I agree. It's sad though that one of the best alternative to fossil fuels, nuclear energy, suffers from som much ill-repute. And I am afraid Fukushima was a tremendous blow to that as well.
     
  14. Leoreth

    Leoreth Friend Next Door Moderator

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    Nuclear energy (fission, that is) is nothing but a slightly less harmful alternative to fossil energy. And it's stupid to only consider the CO2 angle here (I think it was you who said we shouldn't focus on global warming alone): uranium is just as depletable, and fission isn't really cost effective unless you think that socializing eternity costs is a good thing.
     
  15. El_Machinae

    El_Machinae Colour vision since 2018 Retired Moderator

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    Sorry for the drive-by posting.

    These sound like arguments from incredulity, which depends upon how well someone is following the literature.

    Oceanic acidity, I think, has really good evidence regarding the potential risks (that would obviously need to be averted ahead of time). Both warming and acidity are predicted to be risky regarding coral reefs, which are rather important. The same can be said regarding molluscs. If people aren't concerned about oceanic acidity, I think it's because they're not paying attention.

    Wrt crops, I think that the effects upon cassava and C3 crops have been shown rather nicely, and these effects are deleterious.
    Yes, if you asked me if we should allocate a dollar for AGW or (say) malaria, I'd say malaria has a higher priority. Now, when it comes to AGW and the environment, there's a lot of potential synergy for these concerns. Coal mining, subsidised fishing, meat farming, deforestation, etc. are related to both issues.

    The real question is not AGW or malaria, both are clearly under-invested. It's a question about vices and damaging luxuries or AGW. Which environmentalist is saying "Oh, we need to stop caring about snow leopards and start caring about CO2!"? None, really. It's a false dichotomy. We should be spending a great deal more on these issues, from the profits of modern economy, and at the expense of damaging luxuries.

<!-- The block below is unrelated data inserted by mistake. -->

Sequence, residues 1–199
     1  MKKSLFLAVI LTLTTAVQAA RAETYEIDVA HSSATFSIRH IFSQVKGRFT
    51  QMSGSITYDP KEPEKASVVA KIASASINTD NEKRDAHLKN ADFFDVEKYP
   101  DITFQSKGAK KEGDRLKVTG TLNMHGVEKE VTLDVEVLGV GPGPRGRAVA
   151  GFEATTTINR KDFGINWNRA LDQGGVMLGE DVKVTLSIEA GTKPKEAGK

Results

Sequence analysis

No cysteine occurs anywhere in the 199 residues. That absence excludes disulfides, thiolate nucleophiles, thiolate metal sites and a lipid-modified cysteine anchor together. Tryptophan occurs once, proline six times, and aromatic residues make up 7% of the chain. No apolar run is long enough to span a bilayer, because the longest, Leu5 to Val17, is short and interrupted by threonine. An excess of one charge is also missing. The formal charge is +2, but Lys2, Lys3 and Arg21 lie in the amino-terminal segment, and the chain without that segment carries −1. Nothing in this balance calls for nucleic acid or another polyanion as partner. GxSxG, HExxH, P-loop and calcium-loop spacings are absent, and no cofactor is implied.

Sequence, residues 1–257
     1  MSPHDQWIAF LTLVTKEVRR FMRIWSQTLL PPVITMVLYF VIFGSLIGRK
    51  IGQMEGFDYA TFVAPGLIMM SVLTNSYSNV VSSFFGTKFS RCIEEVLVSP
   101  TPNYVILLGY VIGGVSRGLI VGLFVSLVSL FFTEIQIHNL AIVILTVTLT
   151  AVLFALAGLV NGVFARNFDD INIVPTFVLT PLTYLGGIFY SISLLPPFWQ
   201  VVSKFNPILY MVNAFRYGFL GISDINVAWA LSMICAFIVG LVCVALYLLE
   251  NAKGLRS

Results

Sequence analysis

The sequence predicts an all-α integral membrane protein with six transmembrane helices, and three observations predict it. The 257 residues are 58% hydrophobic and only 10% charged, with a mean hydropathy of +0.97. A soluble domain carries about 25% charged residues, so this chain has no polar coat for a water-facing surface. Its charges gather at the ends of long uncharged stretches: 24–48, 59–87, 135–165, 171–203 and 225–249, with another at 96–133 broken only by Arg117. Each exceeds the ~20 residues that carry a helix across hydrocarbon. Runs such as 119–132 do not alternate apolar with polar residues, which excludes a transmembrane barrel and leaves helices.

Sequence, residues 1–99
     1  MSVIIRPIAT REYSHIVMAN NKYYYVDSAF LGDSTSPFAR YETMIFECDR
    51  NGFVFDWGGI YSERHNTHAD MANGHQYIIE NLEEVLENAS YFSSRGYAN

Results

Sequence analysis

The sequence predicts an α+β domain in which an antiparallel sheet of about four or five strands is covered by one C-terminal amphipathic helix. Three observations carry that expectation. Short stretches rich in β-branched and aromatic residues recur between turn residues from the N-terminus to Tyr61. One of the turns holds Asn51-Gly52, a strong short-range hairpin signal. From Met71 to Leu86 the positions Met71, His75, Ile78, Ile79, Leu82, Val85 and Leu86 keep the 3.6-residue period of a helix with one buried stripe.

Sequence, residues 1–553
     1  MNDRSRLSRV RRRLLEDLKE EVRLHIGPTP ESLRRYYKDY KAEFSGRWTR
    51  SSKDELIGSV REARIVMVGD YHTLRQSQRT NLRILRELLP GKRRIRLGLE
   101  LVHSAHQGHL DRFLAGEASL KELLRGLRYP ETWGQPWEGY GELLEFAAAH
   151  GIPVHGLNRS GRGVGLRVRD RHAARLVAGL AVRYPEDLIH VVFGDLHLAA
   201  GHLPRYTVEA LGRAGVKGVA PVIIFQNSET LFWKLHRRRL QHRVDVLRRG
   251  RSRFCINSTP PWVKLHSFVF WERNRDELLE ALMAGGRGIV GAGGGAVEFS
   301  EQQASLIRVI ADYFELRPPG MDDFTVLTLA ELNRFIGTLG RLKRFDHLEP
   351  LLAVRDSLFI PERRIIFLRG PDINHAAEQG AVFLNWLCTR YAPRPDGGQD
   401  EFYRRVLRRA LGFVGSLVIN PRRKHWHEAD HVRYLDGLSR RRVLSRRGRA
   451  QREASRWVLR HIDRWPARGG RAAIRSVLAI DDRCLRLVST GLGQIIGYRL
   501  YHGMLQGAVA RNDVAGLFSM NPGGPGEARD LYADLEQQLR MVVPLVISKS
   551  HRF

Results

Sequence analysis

16. Anthropoid

    Anthropoid Grognard fantome

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    Earth's climate has changed a lot over the eons. Why so many alarmists are so convinced that the patchy observations of a recent warming trend necessarily require anthopenic explanations I can only conclude is a moral-political imperative.

    Our impact on the Earth's ecology is of paramount importance. Reducing focus on that big and complex set of questions to one molecule, that also has very handy political economic money-making 'solutions' attached to it, makes me VERY uneasy, both in terms of its merits for promoting sustainable ecological impact and its veracity.
     
  17. Luckymoose

    Luckymoose The World is Mine

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    Go ahead and bash nuclear energy. That kind of thinking is why we won't ever get fusion tech.
     
  18. brennan

    brennan Argumentative Brit

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    The OP is incorrect, if you read the report from CERN they come to radically different conclusions than Innominatu suggests. Primarily that their findings show that in the lower atmosphere, where most cloud formation takes place, this process on its own is insufficient to make a major difference to climate modelling.

    The statement that our current modelling of cloud formation has been undermined is scientifically honest, but it does not actually undermine the case for AGW or climate change at all and the suggestion that it does by the denial camp is scientifically dishonest. Spot the usual difference.

    The premise that climate change is driven by cosmic rays has one massive flaw: there is no reason to think that the incoming flux of such particles varies in any significant way over time - other than the 11 year solar cycle, which we already know does not correlate to global warming evidenced over the last century.

    http://press.web.cern.ch/press/PressReleases/Releases2011/PR15.11E.html
     
  19. Leoreth

    Leoreth Friend Next Door Moderator

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    I didn't bash it, I stated apparent flaws.

    And I said specifically fission. In my opinion, if there's any research that deserves getting billions of funding thrown at it, it's nuclear fusion.

    I still don't get why you think "bashing" fission would've any effect on the efforts to research on nuclear fusion.
     
  20. Ayatollah So

    Ayatollah So the spoof'll set you free

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    Prevention is usually cheaper than restitution. AGW looks likely to fit that pattern. Also, the effects will never be known with certainty, since an undisturbed climate will always be a mere hypothetical - although, in the future, the effects will be known to a larger extent than today.